Degna’s pamphlet (The Port in the Darkness*) is forthcoming from the press. These poems came from a traumatic experience and hold power beyond words. Unflinching and honest poems, that capture the hopelessness and helplessness of the situation. These were poems Degna Stone wrote without thinking they would be seen/read. To write brutal truths masterfully is extremely hard, this award winning poet has certainly done just that.
*This title may not be accurate, I can’t read half of my scribbled notes from this session and haven’t been able to confirm with online searches.
Writing Happiness Workshop With Elspeth Wilson & Rachel Lewis
‘In this workshop, we will be exploring how we can write about joy and happiness to develop our own writing and support our wellbeing.‘ © S@HLF
This event was held in partnership with Middlesbrough Libraries and 50% of donations were split between charities Saheliya and Beat.
‘Saheliya (a specialist mental health and well-being support organisation for black, minority ethnic, asylum seeker, and refugee women and girls in Edinburgh and Glasgow) and Beat (the UK’s eating disorder charity. Their mission is to end the pain and suffering caused by eating disorders.)‘ © S@HLF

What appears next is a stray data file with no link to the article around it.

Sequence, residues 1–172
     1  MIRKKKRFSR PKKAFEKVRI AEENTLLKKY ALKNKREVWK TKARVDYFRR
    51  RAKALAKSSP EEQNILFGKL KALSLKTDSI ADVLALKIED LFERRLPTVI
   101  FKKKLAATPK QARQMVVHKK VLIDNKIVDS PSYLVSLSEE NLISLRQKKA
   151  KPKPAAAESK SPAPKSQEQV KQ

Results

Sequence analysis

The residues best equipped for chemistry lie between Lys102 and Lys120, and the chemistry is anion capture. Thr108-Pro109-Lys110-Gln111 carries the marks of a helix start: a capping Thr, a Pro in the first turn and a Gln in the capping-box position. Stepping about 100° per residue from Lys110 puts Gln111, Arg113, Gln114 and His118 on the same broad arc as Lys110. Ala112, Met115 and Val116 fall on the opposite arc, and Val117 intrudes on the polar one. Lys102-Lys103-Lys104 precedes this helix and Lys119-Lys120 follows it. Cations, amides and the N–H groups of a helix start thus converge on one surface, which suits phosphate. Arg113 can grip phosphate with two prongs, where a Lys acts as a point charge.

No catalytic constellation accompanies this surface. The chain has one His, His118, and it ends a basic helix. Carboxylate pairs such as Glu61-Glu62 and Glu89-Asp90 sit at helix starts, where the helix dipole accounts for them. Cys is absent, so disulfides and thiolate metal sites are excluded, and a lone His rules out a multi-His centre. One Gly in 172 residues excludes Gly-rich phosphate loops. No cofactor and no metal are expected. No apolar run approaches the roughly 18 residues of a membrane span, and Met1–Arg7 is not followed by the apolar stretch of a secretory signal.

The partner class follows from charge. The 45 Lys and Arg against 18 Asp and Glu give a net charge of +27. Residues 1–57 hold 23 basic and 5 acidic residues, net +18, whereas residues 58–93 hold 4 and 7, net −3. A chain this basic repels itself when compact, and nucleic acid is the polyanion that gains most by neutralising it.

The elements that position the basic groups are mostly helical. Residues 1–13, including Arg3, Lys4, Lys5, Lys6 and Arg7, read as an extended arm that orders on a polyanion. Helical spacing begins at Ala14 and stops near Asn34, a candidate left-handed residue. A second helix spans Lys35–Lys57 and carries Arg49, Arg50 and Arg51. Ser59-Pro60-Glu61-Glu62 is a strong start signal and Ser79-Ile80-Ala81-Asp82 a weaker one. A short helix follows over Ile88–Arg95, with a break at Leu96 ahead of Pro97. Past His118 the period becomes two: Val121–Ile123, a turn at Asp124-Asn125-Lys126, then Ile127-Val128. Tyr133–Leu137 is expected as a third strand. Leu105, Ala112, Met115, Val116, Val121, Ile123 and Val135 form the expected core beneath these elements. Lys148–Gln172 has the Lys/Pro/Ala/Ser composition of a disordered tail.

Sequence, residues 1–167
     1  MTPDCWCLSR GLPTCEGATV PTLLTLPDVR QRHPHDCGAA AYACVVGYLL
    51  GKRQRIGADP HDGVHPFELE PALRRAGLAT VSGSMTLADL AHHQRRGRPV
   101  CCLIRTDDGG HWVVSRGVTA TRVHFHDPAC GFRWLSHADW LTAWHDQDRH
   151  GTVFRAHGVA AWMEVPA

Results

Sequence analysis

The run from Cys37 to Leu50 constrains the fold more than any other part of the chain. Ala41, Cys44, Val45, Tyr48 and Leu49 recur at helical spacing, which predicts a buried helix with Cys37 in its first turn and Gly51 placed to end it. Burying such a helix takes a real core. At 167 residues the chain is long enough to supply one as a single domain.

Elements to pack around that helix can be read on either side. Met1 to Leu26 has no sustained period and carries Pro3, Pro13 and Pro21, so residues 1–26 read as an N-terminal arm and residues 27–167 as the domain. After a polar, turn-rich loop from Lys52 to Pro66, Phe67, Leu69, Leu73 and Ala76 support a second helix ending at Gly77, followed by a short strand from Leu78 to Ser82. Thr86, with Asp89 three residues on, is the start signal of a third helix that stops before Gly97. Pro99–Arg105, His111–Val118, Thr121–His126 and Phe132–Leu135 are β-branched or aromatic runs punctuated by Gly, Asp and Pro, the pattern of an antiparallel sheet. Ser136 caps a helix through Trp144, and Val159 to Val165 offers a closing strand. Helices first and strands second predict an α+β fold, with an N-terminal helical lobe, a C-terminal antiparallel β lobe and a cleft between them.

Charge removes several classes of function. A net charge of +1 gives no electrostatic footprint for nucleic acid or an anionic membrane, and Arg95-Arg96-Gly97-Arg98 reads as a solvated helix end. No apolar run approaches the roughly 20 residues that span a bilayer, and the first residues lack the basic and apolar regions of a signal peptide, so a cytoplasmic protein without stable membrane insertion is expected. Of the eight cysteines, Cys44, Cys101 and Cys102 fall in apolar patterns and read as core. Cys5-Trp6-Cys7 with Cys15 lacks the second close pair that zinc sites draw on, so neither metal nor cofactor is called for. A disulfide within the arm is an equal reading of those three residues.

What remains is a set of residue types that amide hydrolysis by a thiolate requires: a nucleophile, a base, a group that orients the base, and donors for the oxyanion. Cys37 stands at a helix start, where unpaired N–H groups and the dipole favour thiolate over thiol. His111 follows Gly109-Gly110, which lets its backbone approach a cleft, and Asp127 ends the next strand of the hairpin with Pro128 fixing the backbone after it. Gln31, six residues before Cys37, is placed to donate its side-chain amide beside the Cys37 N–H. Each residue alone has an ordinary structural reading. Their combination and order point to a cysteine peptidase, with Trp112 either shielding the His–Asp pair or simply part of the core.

Rachel Lewis is a poet, facilitator and editor. Three Degrees of Separation, her debut poetry pamphlet exploring joy in recovery from mental illness, won the 2019 Wordsmith Prize and was published by Wordsmith HQ. She is currently working on a second pamphlet on her Jewish family history. She regularly facilitates writing workshops, and is a member of the Wriot poetry collective and Covent Garden Stanza.
Elspeth Wilson is a writer, researcher and poet who is interested in writing about health, disability and sexuality. Their work has been shortlisted for Canongate’s Nan Shepherd prize and Penguin’s Write Now Editorial programme. Elspeth is currently working on their debut novel and also regularly facilitates accessible creative workshops. When they aren’t writing or reading, they can usually be found near the sea or spending time with their elderly dog. – © S@HLF Programme
Last year I attended Elspeth’s SAHLF Nature writing workshop and it was great, so when I saw she was doing another one this year, I knew I wanted to be there.
A series of short writing exercises were delivered in turn by Elspeth and Rachel, there were take-aways and future ideas generated and all in a fast paced yet comfortable atmosphere. It was freeing – no pressure.
I felt uplifted by the noticing where we can find happiness and as well as feeling good I got some writing done to mine for threads later.
Look out for Week 1 Part 4. COMING SOON!